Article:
It's incredible how much of a story Nelson can tell with poetry, and how clear a picture a poem can paint (certainly when Nelson is the poet). I am not a huge fan of poetry, but am in awe of all of the books that I've read by this author. I couldn't put this one down, as has been true every time I've read a book of hers. The fact that I now know Nelson's younger sister makes this all the more mesmerizing for me, but I was mesmerized by Marilyn Nelson's writing long before I met Jennifer (only a ...more
Tali
Jun 07, 2016 Tali rated it really liked it
I finally read my first book of the summer 2016! This also happens to be the first poetry book I've ever read! It was a unique experience, but I enjoyed it a lot! I found myself covering the pages in annotations.
Nelson's poems are straightforward and easy to read, yet they made me think a lot afterward. I appreciate how she weaves together a complex picture of 1950's America coupled with undercurrents of racism, the Red Scare, the civil rights movement, and the cold war. The poems feet very much
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Kristine Hansen
May 19, 2015 Kristine Hansen rated it really liked it
Memories set artfully to the sonnet form, sixteen lines sufficient to capture the feeling, the moment, life of a transient child growing up during a turbulent time in our history. Here we see life in the 50's from the point of view of a black girl who wonders about racism. The military background makes this even more interesting - especially as it seems on base she is more untouched by the prejudices of the time. It's only as she grows older (becomes more aware?) that we see her own struggles ...more
Maggie
May 18, 2014 Maggie rated it it was amazing
Stunning autobiographical series of 50 unrhymed sonnets by Marilyn Nelson that tell the story of her 1950s childhood as the daughter of African-American military officer. Each poem provides a snapshot of her life; some are funny, some are poignant; all show a moment of insight or growth. I read it in one sitting and then promptly started to read it over again. Because Nelson was a military brat, this slim volume is literally set all over the country, and as such it is really a remarkably ...more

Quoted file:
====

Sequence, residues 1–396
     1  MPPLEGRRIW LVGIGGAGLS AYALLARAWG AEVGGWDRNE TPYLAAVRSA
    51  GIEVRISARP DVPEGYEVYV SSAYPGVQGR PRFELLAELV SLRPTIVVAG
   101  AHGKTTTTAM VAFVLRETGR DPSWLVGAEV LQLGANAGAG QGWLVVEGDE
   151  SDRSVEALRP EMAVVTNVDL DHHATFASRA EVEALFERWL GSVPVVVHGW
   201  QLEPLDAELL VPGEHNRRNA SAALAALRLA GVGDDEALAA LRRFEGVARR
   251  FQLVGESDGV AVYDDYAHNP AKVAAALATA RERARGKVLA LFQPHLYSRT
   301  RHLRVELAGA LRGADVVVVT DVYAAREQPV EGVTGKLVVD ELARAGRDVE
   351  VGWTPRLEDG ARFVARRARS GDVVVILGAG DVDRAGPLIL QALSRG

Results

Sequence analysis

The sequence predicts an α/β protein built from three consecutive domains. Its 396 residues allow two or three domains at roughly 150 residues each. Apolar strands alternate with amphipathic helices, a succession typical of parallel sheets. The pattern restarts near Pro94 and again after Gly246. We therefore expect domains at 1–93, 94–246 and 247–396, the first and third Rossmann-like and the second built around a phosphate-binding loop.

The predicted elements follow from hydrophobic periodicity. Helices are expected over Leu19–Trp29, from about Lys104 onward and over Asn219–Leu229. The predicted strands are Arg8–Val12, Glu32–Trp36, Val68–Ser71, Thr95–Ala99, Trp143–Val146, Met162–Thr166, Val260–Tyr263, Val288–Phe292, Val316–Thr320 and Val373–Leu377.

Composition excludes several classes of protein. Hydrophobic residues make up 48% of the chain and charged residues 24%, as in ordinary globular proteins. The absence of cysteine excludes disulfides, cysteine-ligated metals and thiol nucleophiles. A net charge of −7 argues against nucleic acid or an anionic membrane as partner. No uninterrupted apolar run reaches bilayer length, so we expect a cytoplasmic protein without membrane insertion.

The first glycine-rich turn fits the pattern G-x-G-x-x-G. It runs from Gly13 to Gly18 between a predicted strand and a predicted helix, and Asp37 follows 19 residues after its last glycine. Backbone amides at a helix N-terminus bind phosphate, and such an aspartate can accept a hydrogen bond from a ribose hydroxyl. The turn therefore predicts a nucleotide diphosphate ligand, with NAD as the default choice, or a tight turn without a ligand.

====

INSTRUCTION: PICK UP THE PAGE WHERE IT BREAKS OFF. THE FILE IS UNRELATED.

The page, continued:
Samantha
Semi-autobiographical poems set in the 1950s. Using a narrator very similar to herself, Nelson takes readers from coast to coast with a military family and addresses Civil Rights issues such as segregation and reveals the influences that led up to Nelson's writing career.

An author's note explains Nelson's approach to the collection of poetry found here and mixed media artwork supports the tone of the memoir.

Recommended for grades 9 and up, especially as part of a class unit on Civil Rights in hi
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Christine
Jun 05, 2014 Christine rated it it was ok
I can't seem to reconcile the book's title with it's content. It is poetry yes, but it doesn't really tell us much about why she enjoys it so. Marilyn gives us little glimpses into her life growing up in the 50's and 60's but if you didn't grow up in that era the references are so vague that it will likely not make sense to you.
Jennifer
Aug 31, 2014 Jennifer rated it really liked it
"Both a snapshot of a person’s life and an unforgettable time period in American history, How I Discovered Poetry is also tribute to the power of words arranged in lines and stanzas and couplets." More at Reading Rants: http://www.readingrants.org/2014/04/1...
Precious
Dec 30, 2015 Precious rated it liked it
How I Discovered Poetry is a strong memoir about the life of Marilyn Nelson. in this story she talks about how she had to deal with Jim Crow laws and civil rights. I believe that as she grow up she began to gain a deeper understanding of what's going on around her which sparked her beginning into poetry.
Whitney
Jul 07, 2014 Whitney rated it really liked it
Lovely unrhymed sonnets from Marilyn Nelson, telling the story of her childhood growing up in a military family in the 1950s. Touches on family relationships, race, and civil rights. One downside is the brevity -- just 50 poems in these 100 or so pages. This would probably work best in a guided reading as some historical elements might need to be explained to younger readers.
Brenda Kahn
Apr 07, 2014 Brenda Kahn rated it it was amazing
Fifty sonnets cover a decade of the author's life, from age 4 to 14, as she relocates repeatedly due to her officer father's military assignments. Significant Civil Rights events occur and are processed by the young Speaker. Unique and evocative.
Lynn
Mar 11, 2014 Lynn rated it it was amazing
Wonderful evocative poetry that put me completely in the Speaker's shoes. Excellent range of topics and emotions and had me writing down lines to keep and remember. LOVED this!
Kaye
Aug 26, 2015 Kaye rated it liked it
Shelves: nonfiction, poetry
For category: a memoir
Cindy Mitchell
Nelson, Marilyn How I Discovered Poetry Illustrated by Hadley Hooper. Dial Books, 2014. $17.99. 99 pgs. Content: G